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Background Correction Methods in Atomic Absorption Spectrometry

Atomic Spectroscopy

  1. Margaretha T.C. de Loos-Vollebregt1,2

Published Online: 15 MAR 2013

DOI: 10.1002/9780470027318.a5104.pub2

Encyclopedia of Analytical Chemistry

Encyclopedia of Analytical Chemistry

How to Cite

de Loos-Vollebregt, M. T. 2013. Background Correction Methods in Atomic Absorption Spectrometry . Encyclopedia of Analytical Chemistry. .

Author Information

  1. 1

    Delft University of Technology, Delft, The Netherlands

  2. 2

    Ghent University, Ghent, Belgium

Publication History

  1. Published Online: 15 MAR 2013

Abstract

Atomic absorption spectrometry (AAS) is based on the absorption of element-specific primary source radiation by analyte atoms. If part of the radiation is absorbed by molecules or lost owing to scattering, a higher gross absorbance is measured. The difference between the net absorption of the analyte atoms and the measured gross absorbance is called background absorbance. Background absorption and scattering effects have much more serious effects on the results produced in electrothermal atomic absorption spectrometry (ETAAS) than flame atomic absorption spectrometry (FAAS).

The amount of incident light deflected or absorbed by nonatomic species must be measured to obtain the correct net absorbance of the analyte atoms only. Perfect background correction (BC) can be obtained only when the background absorbance measurement corresponds exactly in space, time, and wavelength with the atomic absorbance measurement. Since exact coincidence of all three parameters is obviously impossible, it is customary to give priority to the equality in space and to make the difference in time and/or wavelength as small as possible. Although molecular absorption and radiation scattering are both broadband phenomena, there is no spectral range where constant background attenuation can be guaranteed.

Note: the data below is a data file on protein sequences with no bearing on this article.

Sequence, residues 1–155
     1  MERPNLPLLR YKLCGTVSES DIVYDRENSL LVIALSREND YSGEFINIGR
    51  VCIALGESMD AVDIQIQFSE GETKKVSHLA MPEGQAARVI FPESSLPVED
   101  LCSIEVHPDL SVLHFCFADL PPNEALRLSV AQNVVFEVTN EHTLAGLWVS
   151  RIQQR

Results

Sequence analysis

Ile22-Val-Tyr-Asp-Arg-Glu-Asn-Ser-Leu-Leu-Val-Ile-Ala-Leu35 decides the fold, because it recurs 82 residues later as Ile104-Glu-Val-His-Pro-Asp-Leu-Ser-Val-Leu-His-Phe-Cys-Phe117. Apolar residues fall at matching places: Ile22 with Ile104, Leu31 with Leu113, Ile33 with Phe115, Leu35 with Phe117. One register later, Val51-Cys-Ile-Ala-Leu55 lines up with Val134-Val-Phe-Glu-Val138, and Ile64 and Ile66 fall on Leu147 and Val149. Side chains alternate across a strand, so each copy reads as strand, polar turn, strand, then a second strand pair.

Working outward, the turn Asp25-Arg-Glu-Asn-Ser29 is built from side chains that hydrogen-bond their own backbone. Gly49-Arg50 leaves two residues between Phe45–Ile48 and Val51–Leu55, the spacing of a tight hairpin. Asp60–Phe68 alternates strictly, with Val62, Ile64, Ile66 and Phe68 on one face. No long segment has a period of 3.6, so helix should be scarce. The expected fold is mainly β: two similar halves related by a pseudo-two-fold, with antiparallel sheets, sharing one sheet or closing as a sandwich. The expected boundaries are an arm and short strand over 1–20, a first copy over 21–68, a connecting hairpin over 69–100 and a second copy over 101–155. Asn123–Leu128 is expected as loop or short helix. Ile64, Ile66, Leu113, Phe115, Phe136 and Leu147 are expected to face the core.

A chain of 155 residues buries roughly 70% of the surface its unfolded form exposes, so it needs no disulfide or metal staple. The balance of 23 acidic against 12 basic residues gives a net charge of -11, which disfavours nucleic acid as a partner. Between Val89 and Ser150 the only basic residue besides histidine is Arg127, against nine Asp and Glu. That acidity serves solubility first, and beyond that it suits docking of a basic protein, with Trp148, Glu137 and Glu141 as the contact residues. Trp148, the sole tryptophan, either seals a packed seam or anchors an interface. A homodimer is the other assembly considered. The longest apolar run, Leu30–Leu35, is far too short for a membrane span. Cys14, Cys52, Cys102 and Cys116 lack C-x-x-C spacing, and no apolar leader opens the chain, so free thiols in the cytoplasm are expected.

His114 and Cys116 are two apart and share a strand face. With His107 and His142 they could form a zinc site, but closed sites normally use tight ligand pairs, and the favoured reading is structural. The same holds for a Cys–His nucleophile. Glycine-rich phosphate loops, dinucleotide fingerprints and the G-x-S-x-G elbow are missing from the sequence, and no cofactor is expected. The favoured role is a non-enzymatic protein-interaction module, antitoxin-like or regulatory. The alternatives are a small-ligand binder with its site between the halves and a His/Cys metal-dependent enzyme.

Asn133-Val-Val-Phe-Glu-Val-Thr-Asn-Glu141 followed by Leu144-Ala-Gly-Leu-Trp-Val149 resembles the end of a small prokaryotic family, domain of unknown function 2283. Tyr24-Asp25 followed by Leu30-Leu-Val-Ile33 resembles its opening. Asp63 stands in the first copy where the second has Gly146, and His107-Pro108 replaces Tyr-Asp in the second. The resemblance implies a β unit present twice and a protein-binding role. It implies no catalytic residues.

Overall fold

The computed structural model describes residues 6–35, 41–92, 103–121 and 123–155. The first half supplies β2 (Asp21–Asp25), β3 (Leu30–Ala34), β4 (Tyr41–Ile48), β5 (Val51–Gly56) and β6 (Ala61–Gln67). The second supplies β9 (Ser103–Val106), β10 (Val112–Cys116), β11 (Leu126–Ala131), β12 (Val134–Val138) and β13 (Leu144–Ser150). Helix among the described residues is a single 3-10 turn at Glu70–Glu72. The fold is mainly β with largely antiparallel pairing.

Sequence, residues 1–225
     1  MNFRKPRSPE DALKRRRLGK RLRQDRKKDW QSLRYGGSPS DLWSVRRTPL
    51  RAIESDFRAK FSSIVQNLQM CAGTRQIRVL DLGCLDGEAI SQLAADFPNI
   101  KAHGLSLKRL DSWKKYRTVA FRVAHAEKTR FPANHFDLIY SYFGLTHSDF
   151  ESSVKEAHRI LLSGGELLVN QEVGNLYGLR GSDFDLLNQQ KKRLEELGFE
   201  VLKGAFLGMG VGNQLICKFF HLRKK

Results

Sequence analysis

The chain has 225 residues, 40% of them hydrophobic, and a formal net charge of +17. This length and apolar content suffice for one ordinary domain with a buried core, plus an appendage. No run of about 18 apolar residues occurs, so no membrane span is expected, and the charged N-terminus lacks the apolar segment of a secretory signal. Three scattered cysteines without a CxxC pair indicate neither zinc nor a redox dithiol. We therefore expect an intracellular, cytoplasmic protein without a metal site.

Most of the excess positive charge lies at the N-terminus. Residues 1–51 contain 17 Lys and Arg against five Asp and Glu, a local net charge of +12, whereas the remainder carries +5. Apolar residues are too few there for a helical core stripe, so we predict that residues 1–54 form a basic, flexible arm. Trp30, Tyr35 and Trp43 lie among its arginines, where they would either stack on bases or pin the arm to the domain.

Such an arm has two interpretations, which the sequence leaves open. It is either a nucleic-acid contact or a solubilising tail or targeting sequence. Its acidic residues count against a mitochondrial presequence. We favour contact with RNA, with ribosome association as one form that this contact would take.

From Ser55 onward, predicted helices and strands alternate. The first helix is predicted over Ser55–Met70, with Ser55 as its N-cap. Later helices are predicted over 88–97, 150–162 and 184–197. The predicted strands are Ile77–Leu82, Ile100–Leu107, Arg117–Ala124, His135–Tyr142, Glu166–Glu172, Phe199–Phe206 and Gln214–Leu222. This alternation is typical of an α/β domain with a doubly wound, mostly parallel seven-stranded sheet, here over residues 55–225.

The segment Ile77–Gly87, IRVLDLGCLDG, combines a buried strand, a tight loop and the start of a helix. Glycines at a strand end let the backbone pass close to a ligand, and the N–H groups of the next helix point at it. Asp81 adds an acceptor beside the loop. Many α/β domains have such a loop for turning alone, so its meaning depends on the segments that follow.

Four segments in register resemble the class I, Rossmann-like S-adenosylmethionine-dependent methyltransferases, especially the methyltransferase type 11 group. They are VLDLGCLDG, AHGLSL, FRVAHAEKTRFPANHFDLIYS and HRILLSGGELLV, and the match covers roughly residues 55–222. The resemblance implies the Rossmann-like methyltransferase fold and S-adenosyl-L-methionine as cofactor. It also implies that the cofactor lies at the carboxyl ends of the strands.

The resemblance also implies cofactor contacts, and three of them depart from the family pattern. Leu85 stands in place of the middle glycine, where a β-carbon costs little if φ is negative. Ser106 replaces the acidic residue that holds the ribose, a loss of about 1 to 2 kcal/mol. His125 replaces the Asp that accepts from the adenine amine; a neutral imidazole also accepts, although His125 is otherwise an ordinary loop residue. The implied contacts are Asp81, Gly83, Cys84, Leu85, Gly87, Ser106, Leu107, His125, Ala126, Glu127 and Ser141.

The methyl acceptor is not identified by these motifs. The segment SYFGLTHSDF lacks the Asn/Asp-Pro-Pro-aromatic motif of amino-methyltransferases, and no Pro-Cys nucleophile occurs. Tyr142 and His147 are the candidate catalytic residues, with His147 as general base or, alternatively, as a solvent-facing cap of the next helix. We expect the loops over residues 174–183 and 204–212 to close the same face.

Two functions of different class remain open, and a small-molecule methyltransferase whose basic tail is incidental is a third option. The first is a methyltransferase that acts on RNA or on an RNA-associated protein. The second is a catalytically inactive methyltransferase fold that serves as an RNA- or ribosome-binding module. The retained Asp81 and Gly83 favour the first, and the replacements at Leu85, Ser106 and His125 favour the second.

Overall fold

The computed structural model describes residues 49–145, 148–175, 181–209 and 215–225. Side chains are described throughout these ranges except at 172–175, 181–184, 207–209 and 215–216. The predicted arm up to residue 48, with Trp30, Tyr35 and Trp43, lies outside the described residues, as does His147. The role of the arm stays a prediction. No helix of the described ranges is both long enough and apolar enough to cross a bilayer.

In all BC systems, two measurements are made. The total or gross absorbance is measured at the wavelength of the atomic absorption line, and the background attenuation is then subtracted to obtain the analyte absorbance. There are several ways in which the nonatomic absorption at the resonance wavelength can be estimated, including continuum-source (CS) or deuterium-lamp (D2-lamp) BC, Zeeman-effect BC, and pulsed-lamp or Smith–Hieftje BC correction methods. The principle of each method, the instrumentation, and applications are discussed. D2-lamp BC is widely used in FAAS and ETAAS. Pulsed-lamp BC is sometimes used in FAAS but more often in ETAAS. Zeeman-effect BC is only used in ETAAS.